Sep 20, 2014 by members
Statement and briefing issued by Amnesty International on Inspection Panel’s Pilot Approach to Early Solutions and its application in Badia East, Lagos, Nigeria
Published on September 2nd, 2014.
World Bank: Investigate Inspection Panel’s Pilot Approach to Early Solutions and its application in Badia East, Lagos, Nigeria
Amnesty International has expressed significant concerns about a new approach being used by the World Bank Inspection Panel to address complaints from people who are negatively affected by World Bank projects. The ‘Pilot Approach to Early Solutions’, was used for the first – and so far the only – time to address a complaint by people who had been forcibly evicted in Badia East, Lagos, Nigeria. Serious flaws in the process and outcomes have prompted Amnesty International to call on the Board of the World Bank to investigate the case.
The Pilot Approach, as it is known, was initiated in Nigeria in late 2013 after people affected by the Badia East forced evictions filed a request with the Inspection Panel to investigate the case. Those forcibly evicted were part of a wider group of people intended to benefit from a World Bank-funded project. They were evicted by the Lagos state government in February 2013. Following the forced eviction, the World Bank intervened with the Lagos state government, which agreed – in April 2013 – to provide the affected people with compensation under a Resettlement Action Plan (RAP). A RAP was to be prepared by the government in line with the World Bank’s Policy on Involuntary Resettlement and approved by the World Bank.
Problems with the development of the RAP, as well as the suffering of those who had been forcibly evicted, led three community members to formally ask for the Inspection Panel to intervene. While the Panel would normally consider if a request was eligible and then investigate the situation, in the Badia East case the Panel proposed the application of its new Pilot Approach.
The essence of the Pilot Approach is to ask those submitting the complaint to agree to dialogue with the World Bank, based on an Action Plan proposed by the Bank, with a view to resolving the problems. The Inspection Panel does not register the case and reserves that decision until it sees the outcome of the dialogue.
The pilot process for Badia East concluded in July 2014 with a decision by the Panel to declare the case closed and not to register the complaint for full investigation. The Panel did this despite the fact that the outcome of the RAP was – by the Panel’s own admission – significantly flawed.
The community was asked to accept a RAP under which they were not offered alternative housing, they were not given promised support to restore lost livelihoods and they were not given adequate compensation for their losses. The World Bank had been made aware of the inadequacies of compensation by independent experts but did not share this information with the affected people until after they had already – under the impression they had little choice – accepted the inadequate offer.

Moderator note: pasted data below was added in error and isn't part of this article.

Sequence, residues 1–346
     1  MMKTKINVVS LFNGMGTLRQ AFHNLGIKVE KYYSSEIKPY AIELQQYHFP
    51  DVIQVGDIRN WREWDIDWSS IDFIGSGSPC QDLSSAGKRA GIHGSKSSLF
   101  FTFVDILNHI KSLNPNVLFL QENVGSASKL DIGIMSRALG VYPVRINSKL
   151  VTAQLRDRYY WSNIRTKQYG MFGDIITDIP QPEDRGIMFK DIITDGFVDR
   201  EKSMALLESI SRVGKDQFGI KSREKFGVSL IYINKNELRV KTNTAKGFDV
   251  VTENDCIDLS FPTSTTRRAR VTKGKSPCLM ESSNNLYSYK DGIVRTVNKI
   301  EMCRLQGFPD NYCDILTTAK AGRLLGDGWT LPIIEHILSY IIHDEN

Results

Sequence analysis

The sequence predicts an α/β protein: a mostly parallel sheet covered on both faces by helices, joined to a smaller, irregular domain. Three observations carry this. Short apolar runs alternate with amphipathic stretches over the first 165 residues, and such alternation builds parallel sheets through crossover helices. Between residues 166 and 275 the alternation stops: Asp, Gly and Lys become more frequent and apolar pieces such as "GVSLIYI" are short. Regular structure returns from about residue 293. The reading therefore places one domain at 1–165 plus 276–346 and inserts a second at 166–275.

The RAP was clearly inconsistent with the World Bank’s policies on involuntary resettlement, but the Inspection Panel refused to engage with this issue on the basis that it had not done an investigation.
In giving its reasons for closing the Badia East case and endorsing the flawed RAP, the Inspection Panel stated that it believed the World Bank had implemented the Action Plan to which it committed under the Pilot Approach. When confronted by Amnesty International with evidence that elements of the Action Plan had not been implemented the Panel declined to comment on the basis that it had not done an investigation.
The Panel’s position is untenable: it decided not to investigate whether the World Bank complied with its own policies – a core part of the Inspection Panel’s mandate – on the basis that the Pilot Approach was a success. One of its main grounds for asserting that the Pilot Approach was concluded successfully in Badia East was the implementation of a World Bank Action Plan but the Panel cannot comment on whether this plan was properly implemented.
The Panel has also pointed to the fact that a majority of the Badia East community agreed to the RAP but disregarded the fact that this agreement came after efforts to get the Lagos state government to address the inadequacies met with no success. People agreed to the RAP because they believed there was no alternative. Many people raised the inadequacies of the RAP directly with the Panel.
The use of the pilot early solutions approach at Badia East has amounted to leaving a poor community that had lost almost everything to negotiate with government authorities and the World Bank. The stark imbalances in power were exacerbated by the fact that the community was not given essential information, such as copies of the full draft RAP to examine its proposals.
While the Inspection Panel may have introduced the pilot with the intention of aiding swift resolution of complaints, the way the process has been implemented has left hundreds of people without an effective remedy. It has resulted in the World Bank’s accountability mechanism endorsing a RAP that falls short of international human rights standards and the Bank’s own policy.
The Inspection Panel is expected to present its lessons learned on the first application of the Pilot Approach in Badia East at a meeting on 3 September 2014 of the Committee on Development Effectiveness, a sub-committee of the World Bank’s Board of Executive Directors.
Amnesty International has issued a briefing on the Badia East case to coincide with this meeting. The organization is calling on the World Bank Board to suspend the Panel’s pilot approach and ensure that an independent investigation of the pilot approach, and the Panel’s handling of this Request, is carried out.
Read the full briefing here.